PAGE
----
Cognitive Schema – a structure containing self-perceptions; thoughts about others and the world; our memories, goals, fantasies; and everything we’ve learned. (Structures that contain an individual's core beliefs and assumptions are labeled Cognitive Schemas) Cognitive Theory states that an individual's fundamental beliefs and assumptions are contained in structures termed cognitive schemas.)


Cognitive Shift – a systematic bias in information processing.
Cognitive Vulnerabilities – specific attitudes predisposing the interpretation of experiences.
Cognitive Distortion - refers to a systematic error in reasoning.
A cognitive therapist relies on collaborative empiricism and guided discovery. Focus is on patients testing beliefs and behaviors. Cognitive and behavioral techniques are both employed. The preferred method of dialoguing with a patient in cognitive therapy is through the use of Socratic questions.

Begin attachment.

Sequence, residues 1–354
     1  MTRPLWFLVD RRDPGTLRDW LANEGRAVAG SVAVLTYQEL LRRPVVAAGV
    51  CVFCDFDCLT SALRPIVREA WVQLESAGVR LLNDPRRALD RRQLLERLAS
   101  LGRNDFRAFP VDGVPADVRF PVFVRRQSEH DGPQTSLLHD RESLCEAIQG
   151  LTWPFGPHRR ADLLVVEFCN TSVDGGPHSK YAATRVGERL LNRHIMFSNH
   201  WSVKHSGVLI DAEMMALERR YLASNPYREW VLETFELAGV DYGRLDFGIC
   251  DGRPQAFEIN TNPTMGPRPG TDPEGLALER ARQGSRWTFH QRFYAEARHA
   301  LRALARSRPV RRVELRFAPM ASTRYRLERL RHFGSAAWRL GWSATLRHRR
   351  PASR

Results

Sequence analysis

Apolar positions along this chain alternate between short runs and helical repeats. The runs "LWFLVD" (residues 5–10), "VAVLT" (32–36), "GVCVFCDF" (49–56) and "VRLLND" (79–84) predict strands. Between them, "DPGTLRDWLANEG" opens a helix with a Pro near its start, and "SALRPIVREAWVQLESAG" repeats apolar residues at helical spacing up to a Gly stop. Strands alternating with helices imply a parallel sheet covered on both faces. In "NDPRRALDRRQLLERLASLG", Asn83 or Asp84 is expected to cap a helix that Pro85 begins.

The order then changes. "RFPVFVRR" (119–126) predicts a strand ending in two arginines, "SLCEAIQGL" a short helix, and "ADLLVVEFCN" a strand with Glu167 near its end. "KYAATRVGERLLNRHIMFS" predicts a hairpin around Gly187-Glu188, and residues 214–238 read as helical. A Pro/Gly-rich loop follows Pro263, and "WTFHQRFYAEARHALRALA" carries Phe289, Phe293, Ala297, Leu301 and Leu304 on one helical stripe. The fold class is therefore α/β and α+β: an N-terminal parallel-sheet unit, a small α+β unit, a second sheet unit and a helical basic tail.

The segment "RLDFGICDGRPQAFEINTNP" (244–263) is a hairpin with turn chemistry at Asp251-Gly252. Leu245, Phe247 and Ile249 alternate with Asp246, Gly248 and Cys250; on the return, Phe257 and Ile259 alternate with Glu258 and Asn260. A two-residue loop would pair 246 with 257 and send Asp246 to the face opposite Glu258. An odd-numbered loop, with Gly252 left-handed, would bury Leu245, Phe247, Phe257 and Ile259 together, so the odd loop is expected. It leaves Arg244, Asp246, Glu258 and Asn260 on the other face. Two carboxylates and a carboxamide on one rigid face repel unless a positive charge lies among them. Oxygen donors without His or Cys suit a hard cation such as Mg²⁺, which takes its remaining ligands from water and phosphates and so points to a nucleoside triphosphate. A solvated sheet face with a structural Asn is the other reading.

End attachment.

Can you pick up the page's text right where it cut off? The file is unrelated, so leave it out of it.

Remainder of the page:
Mode.
Networks of cognitive, affective, motivational, and behavioral schemas.
Primal modes are universal and related to survival.
They include primal thinking which is rigid, absolute, automatic and bias.
Dysfunctional modes are treated by deactivating them, altering their structure and content and developing more adaptive modes.


CT’s Cognitive Triad.
Pattern that triggers depression:
1. Client holds negative view of themselves and blames themselves.
2. Selective abstraction: Client has tendency to interpret experiences in a negative manner.
3. Client has a gloomy vision and projections about the future.


Basic Characteristics of CT.
Practical.
Symptom focused.
Empirically derived techniques.
Collaboration.
Acknowledges underlying precursors of symptoms while remaining in present.
Case conceptualization drives treatment.